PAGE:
Respondent had applied for a determination of petitioner's rights under the New York Decedent Estate Law, which provides for the widow taking a statutory one-third share in her husband's estate after his decease. Respondent contended that petitioner was not a widow of decedent, as the prior divorce awarded against decedent in Florida was void because of failure to satisfy residence requirements. The evidence showed that the residence requirements had not been met, but also showed both of the parties to the divorce to have made appearances in the Florida court. The trial and intermediate courts held that respondent had no right to attack collaterally the foreign decree, but the New York Court of Appeals reversed. On certiorari, held, reversed. The Court concluded, Justice Frankfurter dissenting, that under Florida law the respondent would have no standing to make a collateral attack on the Florida jurisdiction, and New York is obliged to act in the same manner. Johnson v. Muelberger, 340 U.S. 581, 71 S.Ct. 474 (1951).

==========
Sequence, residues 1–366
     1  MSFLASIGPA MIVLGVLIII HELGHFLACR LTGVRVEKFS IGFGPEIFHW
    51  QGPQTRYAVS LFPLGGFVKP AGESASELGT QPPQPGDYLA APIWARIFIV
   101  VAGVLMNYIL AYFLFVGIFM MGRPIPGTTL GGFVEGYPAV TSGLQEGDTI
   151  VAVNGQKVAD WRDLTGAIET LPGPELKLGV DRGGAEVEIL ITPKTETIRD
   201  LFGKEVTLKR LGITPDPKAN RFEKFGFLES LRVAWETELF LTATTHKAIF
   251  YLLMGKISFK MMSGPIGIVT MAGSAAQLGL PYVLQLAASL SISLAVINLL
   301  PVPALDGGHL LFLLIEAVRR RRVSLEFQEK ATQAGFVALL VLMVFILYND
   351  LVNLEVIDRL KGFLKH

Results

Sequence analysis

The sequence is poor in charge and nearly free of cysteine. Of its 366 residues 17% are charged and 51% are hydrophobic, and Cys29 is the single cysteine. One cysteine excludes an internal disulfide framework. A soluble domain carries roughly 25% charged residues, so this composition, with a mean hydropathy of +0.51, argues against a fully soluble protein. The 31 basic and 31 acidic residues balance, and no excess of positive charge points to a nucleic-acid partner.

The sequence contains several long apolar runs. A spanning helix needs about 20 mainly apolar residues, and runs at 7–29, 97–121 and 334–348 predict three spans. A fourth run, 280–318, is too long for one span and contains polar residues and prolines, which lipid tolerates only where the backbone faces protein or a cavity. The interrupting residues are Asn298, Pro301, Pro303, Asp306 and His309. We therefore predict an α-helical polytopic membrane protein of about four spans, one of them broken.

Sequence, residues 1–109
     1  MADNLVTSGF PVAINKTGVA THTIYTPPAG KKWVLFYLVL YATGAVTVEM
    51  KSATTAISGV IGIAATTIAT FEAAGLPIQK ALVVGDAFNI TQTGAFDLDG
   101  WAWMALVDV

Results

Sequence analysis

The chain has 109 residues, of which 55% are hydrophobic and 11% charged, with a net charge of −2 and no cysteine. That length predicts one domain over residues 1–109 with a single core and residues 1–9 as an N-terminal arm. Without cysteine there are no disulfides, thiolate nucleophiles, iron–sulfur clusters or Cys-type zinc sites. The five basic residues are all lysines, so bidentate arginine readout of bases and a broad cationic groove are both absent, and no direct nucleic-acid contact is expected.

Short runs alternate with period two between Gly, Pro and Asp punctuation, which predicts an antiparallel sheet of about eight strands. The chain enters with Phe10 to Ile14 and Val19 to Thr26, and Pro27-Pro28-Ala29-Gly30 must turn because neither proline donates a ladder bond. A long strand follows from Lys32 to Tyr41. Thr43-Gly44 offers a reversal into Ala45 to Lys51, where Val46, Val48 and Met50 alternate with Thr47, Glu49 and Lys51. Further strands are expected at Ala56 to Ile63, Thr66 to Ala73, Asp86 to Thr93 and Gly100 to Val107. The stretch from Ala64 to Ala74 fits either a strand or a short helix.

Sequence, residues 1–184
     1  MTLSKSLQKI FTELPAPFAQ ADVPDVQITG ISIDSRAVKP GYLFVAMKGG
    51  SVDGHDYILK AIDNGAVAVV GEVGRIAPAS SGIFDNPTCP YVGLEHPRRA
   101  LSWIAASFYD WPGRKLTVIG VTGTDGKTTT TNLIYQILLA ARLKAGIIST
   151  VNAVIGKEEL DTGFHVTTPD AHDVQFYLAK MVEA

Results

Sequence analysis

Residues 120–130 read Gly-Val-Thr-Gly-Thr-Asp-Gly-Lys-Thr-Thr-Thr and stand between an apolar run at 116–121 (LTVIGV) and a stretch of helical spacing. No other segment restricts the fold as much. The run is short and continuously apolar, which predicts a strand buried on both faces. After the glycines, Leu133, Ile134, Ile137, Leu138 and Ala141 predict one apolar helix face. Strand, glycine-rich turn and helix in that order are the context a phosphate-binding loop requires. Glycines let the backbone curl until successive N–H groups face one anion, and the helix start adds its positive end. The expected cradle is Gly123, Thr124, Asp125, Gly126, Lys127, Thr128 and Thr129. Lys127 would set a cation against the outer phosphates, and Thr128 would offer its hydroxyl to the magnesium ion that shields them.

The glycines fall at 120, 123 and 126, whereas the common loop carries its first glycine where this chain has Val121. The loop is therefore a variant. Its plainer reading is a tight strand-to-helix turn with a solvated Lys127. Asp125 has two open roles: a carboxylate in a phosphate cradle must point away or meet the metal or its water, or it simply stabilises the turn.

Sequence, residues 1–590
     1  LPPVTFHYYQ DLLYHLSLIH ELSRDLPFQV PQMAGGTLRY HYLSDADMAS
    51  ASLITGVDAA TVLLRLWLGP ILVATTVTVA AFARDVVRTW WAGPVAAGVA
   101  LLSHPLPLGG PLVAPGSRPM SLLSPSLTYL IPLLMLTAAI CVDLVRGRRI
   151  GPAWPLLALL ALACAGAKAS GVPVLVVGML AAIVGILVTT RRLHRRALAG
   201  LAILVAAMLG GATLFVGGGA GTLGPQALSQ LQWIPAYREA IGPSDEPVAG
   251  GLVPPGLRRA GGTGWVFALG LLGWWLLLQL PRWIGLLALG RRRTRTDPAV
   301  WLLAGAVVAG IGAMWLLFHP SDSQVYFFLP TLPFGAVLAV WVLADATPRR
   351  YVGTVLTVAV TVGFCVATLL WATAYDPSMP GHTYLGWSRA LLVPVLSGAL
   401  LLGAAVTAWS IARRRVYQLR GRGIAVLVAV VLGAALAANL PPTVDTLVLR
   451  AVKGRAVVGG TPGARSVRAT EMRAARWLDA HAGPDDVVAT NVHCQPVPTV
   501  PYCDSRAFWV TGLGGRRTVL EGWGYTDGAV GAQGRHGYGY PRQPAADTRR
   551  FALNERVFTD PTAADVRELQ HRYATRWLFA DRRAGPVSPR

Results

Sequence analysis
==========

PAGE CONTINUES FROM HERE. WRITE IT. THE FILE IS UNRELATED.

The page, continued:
Paul M. Harrison S.Ed.,
CONFLICTS OF LAW-DIVORCE-RES JUDICATA EFFECT OF DECREE AS TO THIRD PARTIES,
Mich. L. Rev.
Available at: https://repository.law.umich.edu/mlr/vol50/iss3/9